Buckling up is always a good safety precaution, no matter where you are. In Michigan, there is a seat belt law in place to help minimize casualties during accidents. The state has a primary seat belt law, so do not be surprised if you get a ticket for not wearing a seat belt.
Michigan’s Seat Belt Law (MCL 257.710e) requires that passengers 8 to 15 must be buckled up whether they are sitting in front or at the back. Drivers and front-seat passengers (no matter the age) must also wear their seat belts at all times.
When Is It Legal in Michigan To Not Buckle Up In The Rear Seat Of a Car?
If you are 16 years old or older, it is legal to ride in the rear seat of a car without your seat belt on. However, those who are 15 years old or younger must be buckled up when riding in the rear seat of a car. Passengers aged 8 to 15 should wear a seat belt, while younger kids are required to use booster seats.
Who Is Required By Michigan Law To Wear a Seat Belt in The Rear Seat of a Car?
Only passengers between 8 and 15 years old are required by Michigan law to wear a seat belt in the back seat of a motor vehicle. Children under the age of 8 must be secured in a child restraint system or booster seat when riding in the back of a car. The same restraint requirements apply in the front seat for both age groups.
Passengers over 16 years of age are not required to wear a seat belt when riding in the back seat in Michigan. However, it is recommended that they buckle up for their safety, even if it is not mandatory.
Can a Child Under 4 Years Old Ride in The Front Seat?
Under Michigan’s Child Passenger Safety Law, children below four years old must ride in the back seat using a car seat if the car has a rear seat. If all the seats at the back are occupied by children under 4, then another 4-year-old child or younger may ride in front using a car seat. If you are using a rear-facing car seat for your child in the front seat, the airbag must be turned off.
Children under 8 or below 4’ 9” tall must be properly buckled in a booster or car seat. Then, they must ride in a seat until after their 8th birthday or when they reach the height requirement, whichever comes first.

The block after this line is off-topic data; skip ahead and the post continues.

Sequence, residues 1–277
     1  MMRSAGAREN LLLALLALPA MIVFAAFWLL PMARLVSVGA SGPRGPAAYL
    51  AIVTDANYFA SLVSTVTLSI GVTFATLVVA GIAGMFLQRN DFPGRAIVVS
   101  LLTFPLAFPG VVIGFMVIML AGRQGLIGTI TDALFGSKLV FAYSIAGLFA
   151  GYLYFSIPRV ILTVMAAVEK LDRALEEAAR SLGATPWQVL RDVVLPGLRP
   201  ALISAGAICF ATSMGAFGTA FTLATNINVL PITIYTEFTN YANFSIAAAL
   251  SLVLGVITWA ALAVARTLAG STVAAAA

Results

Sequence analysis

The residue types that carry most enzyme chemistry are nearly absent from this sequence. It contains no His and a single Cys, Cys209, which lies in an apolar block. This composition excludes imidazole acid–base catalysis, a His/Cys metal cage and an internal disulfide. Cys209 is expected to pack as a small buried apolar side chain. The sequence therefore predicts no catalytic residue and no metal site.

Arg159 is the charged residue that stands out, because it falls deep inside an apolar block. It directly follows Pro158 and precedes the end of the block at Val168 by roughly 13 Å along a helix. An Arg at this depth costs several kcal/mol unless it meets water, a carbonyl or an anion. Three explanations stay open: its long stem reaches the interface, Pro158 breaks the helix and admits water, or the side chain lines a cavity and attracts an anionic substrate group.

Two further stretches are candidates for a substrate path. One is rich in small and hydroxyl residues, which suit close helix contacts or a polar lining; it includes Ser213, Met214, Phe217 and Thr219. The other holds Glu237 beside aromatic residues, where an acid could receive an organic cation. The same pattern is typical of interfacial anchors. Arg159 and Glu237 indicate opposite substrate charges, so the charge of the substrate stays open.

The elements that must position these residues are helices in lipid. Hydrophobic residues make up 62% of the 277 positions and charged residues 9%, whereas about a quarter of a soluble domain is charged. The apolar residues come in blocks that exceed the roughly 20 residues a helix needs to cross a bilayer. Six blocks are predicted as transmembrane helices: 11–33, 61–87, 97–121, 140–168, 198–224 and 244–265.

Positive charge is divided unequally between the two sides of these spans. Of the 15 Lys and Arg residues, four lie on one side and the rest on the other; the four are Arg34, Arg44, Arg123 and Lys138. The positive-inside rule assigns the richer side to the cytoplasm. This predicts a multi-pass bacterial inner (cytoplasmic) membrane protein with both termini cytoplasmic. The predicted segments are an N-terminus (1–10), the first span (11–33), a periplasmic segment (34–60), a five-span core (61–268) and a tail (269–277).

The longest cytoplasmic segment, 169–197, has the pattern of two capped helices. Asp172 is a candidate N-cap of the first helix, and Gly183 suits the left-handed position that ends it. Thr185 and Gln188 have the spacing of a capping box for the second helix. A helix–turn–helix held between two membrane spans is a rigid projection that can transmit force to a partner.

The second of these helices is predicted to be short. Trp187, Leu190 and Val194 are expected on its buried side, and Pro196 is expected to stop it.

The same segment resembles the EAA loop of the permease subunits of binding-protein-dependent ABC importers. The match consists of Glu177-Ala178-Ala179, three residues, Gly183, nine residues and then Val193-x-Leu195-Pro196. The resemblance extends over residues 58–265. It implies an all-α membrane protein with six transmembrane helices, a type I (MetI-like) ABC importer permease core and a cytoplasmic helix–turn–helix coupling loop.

Is It Safe Not To Wear a Seat Belt When Riding in The Back of a Car in Michigan?
Not wearing a seat belt in the back seat puts you and the other people in the car in danger. According to the Insurance Institute for Highway Safety (IIHS), the risk of a driver being killed in a frontal car crash is 137 percent higher if the passenger riding behind the driver’s seat is unbelted.
A 2015 report from the National Highway Traffic Safety Administration (NHTSA) shows that 56 percent of passengers riding in the back of a car fatally injured were not wearing seat belts.
Can Wearing a Seat Belt in The Back Seat Save Your Life?
According to NHTSA and IIHS, using lap-only seat belts in the center rear seat reduces the risk of death by 48 percent in cars. In SUVs, pickups, and minivans, it reduces death by 73 percent. Using lap and shoulder seat belts in the outboard rear seats reduces fatalities by 54 percent and 75 percent, respectively.
Do Other States Require Passengers Riding in The Back Seat of a Car To Wear Seat Belts?
According to Governors Highway Safety Association, 39 states, two territories, and the District of Columbia have laws enforcing the use of safety belts in the back seat of a car. Five of these states have primary enforcement for passengers under 16.
Call The Clark Law Office To Learn More About Seat Belt Law in Michigan.
We’d be glad to answer your questions about Michigan’s seat belt law and more. At The Clark Law Office, we have more than 30 years of experience handling personal injury cases. We have helped clients to recover millions of dollars for their injuries. Let us help you, too. Call us at (517) 347-6900 or fill out our online contact form.